Developing a way for fishers and whales to co-exist
Where we are today
We are in the middle of a NOAA grant where we are working on device development alongside fishers. By the end of this grant, our system will be tested by near shore fishers in Massachusetts, New Hampshire, and Maine.
We’ve been hard at work this summer, from Massachusetts to Maine. In June and July, we made trips to Bar Harbor, ME to stress test our enclosures both in deep water and for overnight deployments. We recently joined lobsterman Rob Martin as well as NOAA researchers Eric Matzen and Brian Galvez in Sandwich, MA. They were able to see the full LobsterLift system in action, hauling a three trap trawl in Cape Cod Bay. We are grateful for valuable feedback from each of them and to Rob for welcoming us aboard Resolve for the day.
In May, we brought aboard NOAA Fisheries Methods and Equipment Specialist, Nick Hopkins, to trial the full system with integrated acoustics in Gloucester Harbor. It was great to share our progress with Nick, and he joined us for a tour of the LobsterLift Lab and our newly-built Manufacturing Line. We had a number of productive conversations during Nick's two-day visit, learning from his experiences lobstering, trawling, and testing experimental gear. He provided valuable feedback and advice on our design to ensure the LobsterLift will be both tough and effective in the field.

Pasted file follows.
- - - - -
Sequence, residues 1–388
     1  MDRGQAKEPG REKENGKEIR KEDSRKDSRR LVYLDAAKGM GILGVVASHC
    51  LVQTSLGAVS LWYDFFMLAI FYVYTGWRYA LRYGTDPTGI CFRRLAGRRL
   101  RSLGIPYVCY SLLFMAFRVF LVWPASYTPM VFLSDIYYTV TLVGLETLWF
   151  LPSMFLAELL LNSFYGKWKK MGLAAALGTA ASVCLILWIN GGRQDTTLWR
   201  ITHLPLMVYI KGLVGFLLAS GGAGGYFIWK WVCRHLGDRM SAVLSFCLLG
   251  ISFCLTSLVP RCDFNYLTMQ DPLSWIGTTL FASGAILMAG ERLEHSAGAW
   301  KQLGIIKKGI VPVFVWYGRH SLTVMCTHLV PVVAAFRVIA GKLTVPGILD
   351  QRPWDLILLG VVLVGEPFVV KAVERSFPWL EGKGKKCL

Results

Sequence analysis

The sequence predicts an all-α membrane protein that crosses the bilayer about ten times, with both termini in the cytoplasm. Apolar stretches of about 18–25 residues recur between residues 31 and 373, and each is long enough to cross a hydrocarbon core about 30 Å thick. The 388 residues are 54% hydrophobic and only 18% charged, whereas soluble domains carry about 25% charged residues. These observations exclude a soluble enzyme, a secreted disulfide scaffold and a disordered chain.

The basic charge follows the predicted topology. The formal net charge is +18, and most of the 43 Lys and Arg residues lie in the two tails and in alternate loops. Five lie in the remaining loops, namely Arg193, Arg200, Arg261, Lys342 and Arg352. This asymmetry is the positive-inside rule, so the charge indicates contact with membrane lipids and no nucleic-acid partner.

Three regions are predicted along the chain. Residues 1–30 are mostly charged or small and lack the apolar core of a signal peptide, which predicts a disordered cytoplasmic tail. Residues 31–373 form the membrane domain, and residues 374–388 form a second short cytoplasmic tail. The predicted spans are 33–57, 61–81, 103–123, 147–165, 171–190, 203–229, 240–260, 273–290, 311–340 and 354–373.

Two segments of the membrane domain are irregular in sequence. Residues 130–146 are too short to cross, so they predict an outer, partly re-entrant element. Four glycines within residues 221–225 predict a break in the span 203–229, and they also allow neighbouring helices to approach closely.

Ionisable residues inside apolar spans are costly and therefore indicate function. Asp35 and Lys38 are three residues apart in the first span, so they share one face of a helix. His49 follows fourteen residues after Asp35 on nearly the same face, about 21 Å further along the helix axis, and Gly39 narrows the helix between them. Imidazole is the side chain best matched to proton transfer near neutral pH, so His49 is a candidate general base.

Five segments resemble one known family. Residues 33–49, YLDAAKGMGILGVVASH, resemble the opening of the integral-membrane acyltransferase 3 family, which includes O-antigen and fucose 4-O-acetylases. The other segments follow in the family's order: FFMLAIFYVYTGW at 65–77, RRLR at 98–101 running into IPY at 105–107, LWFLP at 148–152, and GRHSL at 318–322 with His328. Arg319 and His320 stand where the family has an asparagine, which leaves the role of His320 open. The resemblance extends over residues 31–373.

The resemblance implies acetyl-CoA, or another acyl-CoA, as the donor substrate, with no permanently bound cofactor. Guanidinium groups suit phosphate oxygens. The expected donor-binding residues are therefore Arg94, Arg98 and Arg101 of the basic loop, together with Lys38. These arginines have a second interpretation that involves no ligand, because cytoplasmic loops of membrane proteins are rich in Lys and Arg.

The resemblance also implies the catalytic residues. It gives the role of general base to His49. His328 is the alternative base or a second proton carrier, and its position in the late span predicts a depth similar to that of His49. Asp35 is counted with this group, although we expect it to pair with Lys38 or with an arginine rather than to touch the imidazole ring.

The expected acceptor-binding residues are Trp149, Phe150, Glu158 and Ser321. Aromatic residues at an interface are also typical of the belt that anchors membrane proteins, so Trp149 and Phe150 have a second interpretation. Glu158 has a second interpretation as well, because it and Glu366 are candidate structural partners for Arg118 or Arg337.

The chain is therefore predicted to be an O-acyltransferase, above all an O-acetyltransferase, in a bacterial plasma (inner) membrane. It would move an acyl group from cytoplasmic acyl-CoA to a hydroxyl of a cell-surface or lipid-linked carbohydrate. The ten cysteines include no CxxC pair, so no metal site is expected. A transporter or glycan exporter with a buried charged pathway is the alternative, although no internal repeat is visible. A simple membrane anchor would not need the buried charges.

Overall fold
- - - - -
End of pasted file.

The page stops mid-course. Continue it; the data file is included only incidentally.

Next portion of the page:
In April, we welcomed aboard new team member, Will Carome, to help with building and testing LobsterLift systems alongside lobstermen. We began our 2022 testing season in Bar Harbor, Maine where we were successful in testing the LobsterLift with integrated acoustics out to 152 ft and look forward to pushing the system further this spring and into the summer!
The team had successes testing the full LobsterLift system with integrated acoustics out to 152 ft depth. We're looking forward to pushing the system further when we get back on the water later this summer.
The LobsterLift team is currently integrating multiple acoustics communications systems, and building units for testing with lobstermen. In the photo above, Ted is getting ready to toss the LobsterLift overboard to pressure test the housing at 182ft depth! This is all made possible by the NOAA Bycatch Reduction Engineering Program grant.
A brief history
It all started at a prototyping competition in Malaysia hosted by Conservation X Labs. From there, it's continued to be developed into a system tested in the ocean environment by fishers.
" ...a team of conservation-minded engineers set about finding a solution for the problem of right whale entanglements—while also keeping in mind the needs of lobster fishing families. The winners of last year’s Make for the Planet Borneo hackathon at the 5th annual International Marine Conservation Congress came up with a device they dubbed LobsterLift."